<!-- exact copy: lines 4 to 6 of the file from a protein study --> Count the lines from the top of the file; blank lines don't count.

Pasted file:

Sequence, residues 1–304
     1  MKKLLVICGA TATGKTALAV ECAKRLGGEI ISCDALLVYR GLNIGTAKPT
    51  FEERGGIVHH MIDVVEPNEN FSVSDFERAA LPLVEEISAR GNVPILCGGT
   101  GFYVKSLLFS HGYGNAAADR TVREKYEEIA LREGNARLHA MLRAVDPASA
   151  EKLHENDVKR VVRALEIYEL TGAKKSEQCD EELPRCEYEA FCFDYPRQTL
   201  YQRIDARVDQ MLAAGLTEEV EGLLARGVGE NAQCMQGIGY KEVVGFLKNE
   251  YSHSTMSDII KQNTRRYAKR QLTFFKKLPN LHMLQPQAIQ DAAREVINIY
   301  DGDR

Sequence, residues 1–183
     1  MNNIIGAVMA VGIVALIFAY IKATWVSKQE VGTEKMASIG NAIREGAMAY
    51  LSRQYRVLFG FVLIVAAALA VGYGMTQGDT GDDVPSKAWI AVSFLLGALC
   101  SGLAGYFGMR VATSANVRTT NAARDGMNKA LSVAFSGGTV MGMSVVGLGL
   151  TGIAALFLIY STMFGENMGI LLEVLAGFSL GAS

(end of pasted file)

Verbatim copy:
   101  GFYVKSLLFS HGYGNAAADR TVREKYEEIA LREGNARLHA MLRAVDPASA
   151  EKLHENDVKR VVRALEIYEL TGAKKSEQCD EELPRCEYEA FCFDYPRQTL
   201  YQRIDARVDQ MLAAGLTEEV EGLLARGVGE NAQCMQGIGY KEVVGFLKNE